When enabled, the MAC receiver filter determines which frames should be written to the RXFIFO.
- State of the I/O matching signals
- Register programming:
- Specific address
- Specific type
- Destination address and type field of the field
If the Network_Config [en_half_duplex_rx, 25] is set = 0, a frame is not placed in the RXFIFO if transmitting in half-duplex mode at the time a destination address is received.
Ethernet frames are transmitted a byte at a time, least significant bit first. The first six bytes (48 bits) of an Ethernet frame make up the destination address. The first bit of the destination address (least significant bit of the first byte) defines the casting:
- 0: Unicast address
- 1: Multicast address
An address of all 1's is a special case of the multicast, broadcast address.
Address Filtering using Four Specific Addresses
The MAC receiver recognizes up to four specific addresses. Each specific address requires two registers: Spec_Addr1_U (two bytes) and Spec_Addr1_L (four bytes). The address stored can be specific, group, local, or universal.
When address filtering is enabled, the RX frame destination address is compared against up to four specific addresses stored in registers. If a receive frame address matches an active specific address, the frame is written to the RX packet buffer.
Address filtering is activated when the spec_add1_top register is written; therefore write, the spec_add1_bottom register first. Filtering is deactivated by writing to the Spec_Addr1_L register or by the GEM_RESET.
Specific Type ID Filtering
Frame-specific type IDs are used by software to identify a particular stream of traffic. They can be filtered using the specific ID match registers. Four ID registers are available. An ID match register (e.g., Spec_ID1_Match ) is enabled writing a 1 to the [enable_copy, 31] bit. When a frame is received, the enabled ID matching results (up to 4) are OR'd together.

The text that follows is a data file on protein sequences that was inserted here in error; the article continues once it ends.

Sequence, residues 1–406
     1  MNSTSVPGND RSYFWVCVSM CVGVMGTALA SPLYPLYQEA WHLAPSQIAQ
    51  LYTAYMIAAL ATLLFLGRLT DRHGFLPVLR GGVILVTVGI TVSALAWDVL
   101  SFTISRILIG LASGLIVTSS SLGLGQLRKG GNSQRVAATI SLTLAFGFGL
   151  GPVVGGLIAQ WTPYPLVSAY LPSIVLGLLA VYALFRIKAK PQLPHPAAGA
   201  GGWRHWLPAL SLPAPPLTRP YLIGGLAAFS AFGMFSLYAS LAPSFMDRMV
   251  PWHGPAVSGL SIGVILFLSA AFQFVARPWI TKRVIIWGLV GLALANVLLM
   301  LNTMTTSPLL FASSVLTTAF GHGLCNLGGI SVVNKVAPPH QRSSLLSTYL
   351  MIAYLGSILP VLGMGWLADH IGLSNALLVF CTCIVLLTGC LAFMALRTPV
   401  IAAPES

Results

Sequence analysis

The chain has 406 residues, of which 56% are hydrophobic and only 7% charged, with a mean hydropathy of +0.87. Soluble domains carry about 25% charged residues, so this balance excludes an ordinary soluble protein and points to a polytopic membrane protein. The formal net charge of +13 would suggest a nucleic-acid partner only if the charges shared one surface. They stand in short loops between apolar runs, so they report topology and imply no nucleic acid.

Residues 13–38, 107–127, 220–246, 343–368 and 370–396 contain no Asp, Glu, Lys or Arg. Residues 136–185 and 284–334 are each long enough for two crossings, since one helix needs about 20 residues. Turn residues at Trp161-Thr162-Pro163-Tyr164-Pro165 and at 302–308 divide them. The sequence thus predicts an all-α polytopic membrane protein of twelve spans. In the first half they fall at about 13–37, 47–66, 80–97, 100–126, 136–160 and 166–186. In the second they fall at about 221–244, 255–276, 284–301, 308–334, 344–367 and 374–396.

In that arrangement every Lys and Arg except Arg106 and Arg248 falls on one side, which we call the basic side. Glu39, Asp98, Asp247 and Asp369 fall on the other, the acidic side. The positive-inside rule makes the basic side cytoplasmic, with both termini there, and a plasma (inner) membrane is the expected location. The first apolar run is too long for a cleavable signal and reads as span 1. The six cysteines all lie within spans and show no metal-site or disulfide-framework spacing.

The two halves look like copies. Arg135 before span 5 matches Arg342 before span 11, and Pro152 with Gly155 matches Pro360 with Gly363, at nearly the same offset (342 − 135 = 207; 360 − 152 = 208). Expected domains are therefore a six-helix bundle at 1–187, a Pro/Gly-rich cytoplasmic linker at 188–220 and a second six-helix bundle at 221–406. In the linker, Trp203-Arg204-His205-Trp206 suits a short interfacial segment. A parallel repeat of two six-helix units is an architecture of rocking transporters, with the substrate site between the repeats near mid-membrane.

The contents of each specific type ID match register (e.g., Spec_ID1_Match ) is compared against the length/specific type ID of the frame being received (for example, bytes 13 and 14 in non-VLAN and non-SNAP encapsulated frames) and written into the RxFIFO if a match is found. The encoded spec ID match bits (word 1, bit  and bit ) in the receive buffer descriptor status are set to indicate which specific type ID match register generated the match, if the receive checksum offload is disabled. The reset state of the specific type ID match registers is zero and is disabled.
This example illustrates the use of the specific address and ID match registers for a MAC address of 21:43:65:87:A9:CB. The sequence in the following table shows the beginning of an RX frame. The byte order of transmission starts with the preamble, shown at the top of the table.
For a successful match to specific address 1 register, write the destination address.
For a successful match to the specific type ID1 match register, write the ID and enable the register:
8000_4321hto the Spec_ID1_Match register.
|Byte Type||Example Value||Description|
|SFD||D5||Start frame delimiter|
|DA (octet 0, LSB)||21||Destination address|
|DA (octet 1)||43|
|DA (octet 2)||65|
|DA (octet 3)||87|
|DA (octet 4)||A9|
|DA (octet 5, MSB)||CB|
|SA (octet 0, LSB)||xx||Address of transmitting device|
|SA (octet 1)||xx|
|SA (octet 2)||xx|
|SA (octet 3)||xx|
|SA (octet 4)||xx|
|SA (octet 5, MSB)||xx|
|Specific Type ID (MSB)||43||Type ID match 1|
|Specific Type ID (LSB)||21|